A dapulan or cooking stove

A barahan or incense tray

A tatapek

A babatu for use in making pottery

The same day there came two cases from Mexico containing manuscripts and archives from Leon Trotsky, and a hundred and forty-one dozen negatives of the stars from Africa. I am trying to obtain a list of two hundred native utensils and instruments shipped in 1935 from Arequipa, Peru, because a Custom House inspector is wondering if Donald Scott of our museum staff has violated our Permanent Exhibition Bond No. 4937 of that date by lending them without permission to some other museum.

On one occasion the head of a department, one of Harvard’s finest professors but a man with ideas of his own, was looking for a suitable chair for a lecture room. He and I were talking it over. I said: ‘There is a chair at the business school —’

‘Damn the business school!’ and his fist pounded the table until large volumes bounced.

‘All right, damn the business school!’ said I. ‘At the business school —’

‘I beg your pardon, 1 have a nasty temper.’

‘So have I,’ said I, telling the truth, for I was a bit upset too. ‘At the business school — ‘

‘All right, Morse, tell me about the chairs at the business school.’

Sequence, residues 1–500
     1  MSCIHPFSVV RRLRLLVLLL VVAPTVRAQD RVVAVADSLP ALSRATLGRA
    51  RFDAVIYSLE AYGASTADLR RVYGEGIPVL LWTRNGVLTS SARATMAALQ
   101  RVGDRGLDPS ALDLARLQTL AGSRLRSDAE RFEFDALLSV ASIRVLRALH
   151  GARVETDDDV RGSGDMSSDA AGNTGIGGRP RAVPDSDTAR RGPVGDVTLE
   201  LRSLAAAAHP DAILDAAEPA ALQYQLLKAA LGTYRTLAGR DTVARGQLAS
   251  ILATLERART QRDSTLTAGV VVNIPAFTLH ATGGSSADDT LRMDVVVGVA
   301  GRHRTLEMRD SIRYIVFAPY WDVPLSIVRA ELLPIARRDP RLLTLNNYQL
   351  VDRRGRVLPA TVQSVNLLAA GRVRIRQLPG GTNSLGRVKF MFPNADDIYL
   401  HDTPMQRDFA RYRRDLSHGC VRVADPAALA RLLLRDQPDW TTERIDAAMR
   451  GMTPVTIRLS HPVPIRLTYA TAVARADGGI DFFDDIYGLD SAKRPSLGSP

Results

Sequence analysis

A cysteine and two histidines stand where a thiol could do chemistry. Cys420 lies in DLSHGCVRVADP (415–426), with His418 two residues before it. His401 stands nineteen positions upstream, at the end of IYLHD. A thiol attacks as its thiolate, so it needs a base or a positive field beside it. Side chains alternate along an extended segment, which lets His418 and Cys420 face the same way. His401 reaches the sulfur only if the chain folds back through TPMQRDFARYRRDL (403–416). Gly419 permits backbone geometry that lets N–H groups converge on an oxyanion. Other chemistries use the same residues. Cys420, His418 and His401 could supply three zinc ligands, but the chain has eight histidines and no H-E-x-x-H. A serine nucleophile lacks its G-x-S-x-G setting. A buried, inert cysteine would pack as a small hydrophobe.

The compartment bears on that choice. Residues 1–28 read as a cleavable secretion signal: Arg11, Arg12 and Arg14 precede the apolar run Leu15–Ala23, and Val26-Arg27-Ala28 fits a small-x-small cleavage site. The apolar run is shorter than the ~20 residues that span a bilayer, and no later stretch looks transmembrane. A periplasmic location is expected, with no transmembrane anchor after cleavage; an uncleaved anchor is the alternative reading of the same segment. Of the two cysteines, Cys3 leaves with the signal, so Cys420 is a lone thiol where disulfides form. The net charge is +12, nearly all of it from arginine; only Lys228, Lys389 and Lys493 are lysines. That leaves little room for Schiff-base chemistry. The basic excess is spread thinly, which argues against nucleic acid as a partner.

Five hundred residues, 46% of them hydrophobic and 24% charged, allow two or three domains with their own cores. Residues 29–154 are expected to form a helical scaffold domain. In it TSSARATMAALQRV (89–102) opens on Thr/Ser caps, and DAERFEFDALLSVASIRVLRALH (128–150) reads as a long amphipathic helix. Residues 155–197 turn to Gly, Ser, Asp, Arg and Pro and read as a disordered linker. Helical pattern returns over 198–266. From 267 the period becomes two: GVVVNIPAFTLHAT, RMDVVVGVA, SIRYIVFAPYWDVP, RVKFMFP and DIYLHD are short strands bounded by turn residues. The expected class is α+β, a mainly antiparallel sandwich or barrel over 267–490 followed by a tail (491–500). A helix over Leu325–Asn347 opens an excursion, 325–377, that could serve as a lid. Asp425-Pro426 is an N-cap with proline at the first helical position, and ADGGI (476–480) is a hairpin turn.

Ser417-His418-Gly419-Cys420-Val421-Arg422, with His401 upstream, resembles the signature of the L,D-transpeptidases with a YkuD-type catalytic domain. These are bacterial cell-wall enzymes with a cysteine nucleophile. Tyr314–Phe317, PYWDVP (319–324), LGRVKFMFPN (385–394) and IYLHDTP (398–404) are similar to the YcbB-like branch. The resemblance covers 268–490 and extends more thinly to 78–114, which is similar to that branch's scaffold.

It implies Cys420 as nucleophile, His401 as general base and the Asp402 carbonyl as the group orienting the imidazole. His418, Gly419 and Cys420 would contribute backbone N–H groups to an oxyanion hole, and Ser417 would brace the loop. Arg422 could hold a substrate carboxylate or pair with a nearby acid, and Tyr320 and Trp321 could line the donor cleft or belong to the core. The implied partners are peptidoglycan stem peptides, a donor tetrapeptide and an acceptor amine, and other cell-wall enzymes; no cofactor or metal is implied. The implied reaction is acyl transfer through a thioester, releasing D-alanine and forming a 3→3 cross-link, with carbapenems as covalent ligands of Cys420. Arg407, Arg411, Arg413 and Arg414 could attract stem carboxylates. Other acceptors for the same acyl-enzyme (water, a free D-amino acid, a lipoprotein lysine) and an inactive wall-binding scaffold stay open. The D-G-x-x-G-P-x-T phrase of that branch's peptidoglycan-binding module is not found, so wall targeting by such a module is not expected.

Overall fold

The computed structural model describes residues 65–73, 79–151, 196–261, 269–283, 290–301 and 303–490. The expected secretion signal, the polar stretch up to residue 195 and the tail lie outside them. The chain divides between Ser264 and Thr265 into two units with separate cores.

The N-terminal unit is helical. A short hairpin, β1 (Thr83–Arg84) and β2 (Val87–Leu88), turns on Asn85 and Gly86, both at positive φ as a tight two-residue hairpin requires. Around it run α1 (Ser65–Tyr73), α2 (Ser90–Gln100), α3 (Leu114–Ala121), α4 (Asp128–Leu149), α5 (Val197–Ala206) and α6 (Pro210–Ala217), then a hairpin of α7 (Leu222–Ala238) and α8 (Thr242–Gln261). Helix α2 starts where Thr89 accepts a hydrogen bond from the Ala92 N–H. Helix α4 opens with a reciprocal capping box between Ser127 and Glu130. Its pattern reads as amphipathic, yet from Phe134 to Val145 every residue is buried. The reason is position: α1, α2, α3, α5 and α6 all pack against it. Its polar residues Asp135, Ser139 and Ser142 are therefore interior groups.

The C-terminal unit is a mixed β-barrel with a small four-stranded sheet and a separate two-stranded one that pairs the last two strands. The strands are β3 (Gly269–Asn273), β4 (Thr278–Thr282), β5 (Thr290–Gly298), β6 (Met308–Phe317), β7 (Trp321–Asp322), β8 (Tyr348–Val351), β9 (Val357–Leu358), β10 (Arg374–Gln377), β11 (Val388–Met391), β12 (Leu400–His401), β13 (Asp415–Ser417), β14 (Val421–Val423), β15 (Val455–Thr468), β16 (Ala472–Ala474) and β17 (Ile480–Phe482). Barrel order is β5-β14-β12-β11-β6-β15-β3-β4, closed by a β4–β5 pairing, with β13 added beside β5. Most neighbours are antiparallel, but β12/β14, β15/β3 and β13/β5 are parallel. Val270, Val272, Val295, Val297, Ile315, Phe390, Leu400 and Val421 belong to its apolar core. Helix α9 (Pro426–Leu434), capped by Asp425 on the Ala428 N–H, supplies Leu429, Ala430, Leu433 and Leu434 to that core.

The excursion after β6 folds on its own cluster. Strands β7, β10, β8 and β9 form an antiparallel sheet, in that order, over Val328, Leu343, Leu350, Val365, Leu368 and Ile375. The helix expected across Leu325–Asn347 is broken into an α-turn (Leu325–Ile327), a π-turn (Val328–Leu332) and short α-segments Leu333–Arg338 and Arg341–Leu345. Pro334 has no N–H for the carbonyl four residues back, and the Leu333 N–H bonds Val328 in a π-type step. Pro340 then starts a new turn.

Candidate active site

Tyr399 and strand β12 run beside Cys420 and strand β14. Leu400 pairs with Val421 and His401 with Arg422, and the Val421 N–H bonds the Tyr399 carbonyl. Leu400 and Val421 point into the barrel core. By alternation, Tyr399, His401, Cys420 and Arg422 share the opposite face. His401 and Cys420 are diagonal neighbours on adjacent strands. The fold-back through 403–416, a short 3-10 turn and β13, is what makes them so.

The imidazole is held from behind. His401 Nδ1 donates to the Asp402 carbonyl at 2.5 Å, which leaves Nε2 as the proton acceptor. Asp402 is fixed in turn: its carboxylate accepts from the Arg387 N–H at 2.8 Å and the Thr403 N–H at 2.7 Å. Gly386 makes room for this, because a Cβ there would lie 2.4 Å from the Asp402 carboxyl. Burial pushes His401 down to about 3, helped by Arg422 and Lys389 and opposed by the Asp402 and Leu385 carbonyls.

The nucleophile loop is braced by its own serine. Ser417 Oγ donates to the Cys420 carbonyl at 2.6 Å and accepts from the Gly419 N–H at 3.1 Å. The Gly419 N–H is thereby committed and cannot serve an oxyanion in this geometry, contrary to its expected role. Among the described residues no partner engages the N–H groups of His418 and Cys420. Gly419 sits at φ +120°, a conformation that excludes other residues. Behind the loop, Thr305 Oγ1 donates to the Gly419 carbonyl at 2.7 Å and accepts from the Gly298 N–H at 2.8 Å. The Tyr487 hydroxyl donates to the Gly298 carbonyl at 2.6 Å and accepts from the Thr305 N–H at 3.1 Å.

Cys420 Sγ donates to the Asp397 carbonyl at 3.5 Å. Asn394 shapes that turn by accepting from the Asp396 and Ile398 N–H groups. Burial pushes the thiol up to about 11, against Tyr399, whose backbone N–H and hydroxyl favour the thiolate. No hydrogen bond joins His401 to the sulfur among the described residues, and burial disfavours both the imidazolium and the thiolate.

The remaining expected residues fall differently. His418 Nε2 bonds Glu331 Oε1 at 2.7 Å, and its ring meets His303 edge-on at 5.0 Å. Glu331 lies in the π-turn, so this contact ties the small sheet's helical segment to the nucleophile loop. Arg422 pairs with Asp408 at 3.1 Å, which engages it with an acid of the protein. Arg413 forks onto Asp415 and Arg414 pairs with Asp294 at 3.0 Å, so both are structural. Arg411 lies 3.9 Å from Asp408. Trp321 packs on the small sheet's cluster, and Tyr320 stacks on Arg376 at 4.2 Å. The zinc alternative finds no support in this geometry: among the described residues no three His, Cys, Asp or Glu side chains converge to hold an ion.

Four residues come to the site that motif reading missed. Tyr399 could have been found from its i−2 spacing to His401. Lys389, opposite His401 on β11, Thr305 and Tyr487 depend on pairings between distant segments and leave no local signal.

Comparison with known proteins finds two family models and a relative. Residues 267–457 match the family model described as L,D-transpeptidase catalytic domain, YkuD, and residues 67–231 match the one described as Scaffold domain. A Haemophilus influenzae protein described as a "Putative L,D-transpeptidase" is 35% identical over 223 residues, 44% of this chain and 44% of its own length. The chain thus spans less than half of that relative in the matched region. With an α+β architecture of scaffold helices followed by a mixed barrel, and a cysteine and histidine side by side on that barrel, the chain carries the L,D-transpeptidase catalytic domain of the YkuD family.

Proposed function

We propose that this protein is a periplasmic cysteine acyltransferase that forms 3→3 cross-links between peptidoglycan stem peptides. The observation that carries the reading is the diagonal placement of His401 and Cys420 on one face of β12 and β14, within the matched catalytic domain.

He has a lot of them today in his lecture hall.


An important doctor, the best man in the world on biochemistry, — a man perhaps about to give to the world some great discovery, the result of years of research, — is paid not only in money, but in comfort, in happiness, freedom from annoyance, freedom to concentrate without distraction upon the problem at which he is working, the ability to reach out his hand and have placed in it silently the exact instrument needed next. Around him his helpers stand breathlessly watching the result. Standing with mind focused, concentrated on the object before him, the doctor reaches behind him to have a helper put in his hand an unfamiliar tool, a tool just as good, but with a balance unfamiliar. Contact has been broken. With a rustle of annoyance the little group straightens up, breathes deeply, shifts, and concentrates again. I should not want to be the object under that doctor’s unaccustomed tool. The experiment over, with taut nerves relaxed, the doctor goes to his office, where his stenographer tells him she does not like the only carbon paper she can get and the janitor complains that his broom is no good.

The doctor calls the dean to tell him there is a fly pestering him. ‘Please shoo him away. He calls himself a purchasing agent.’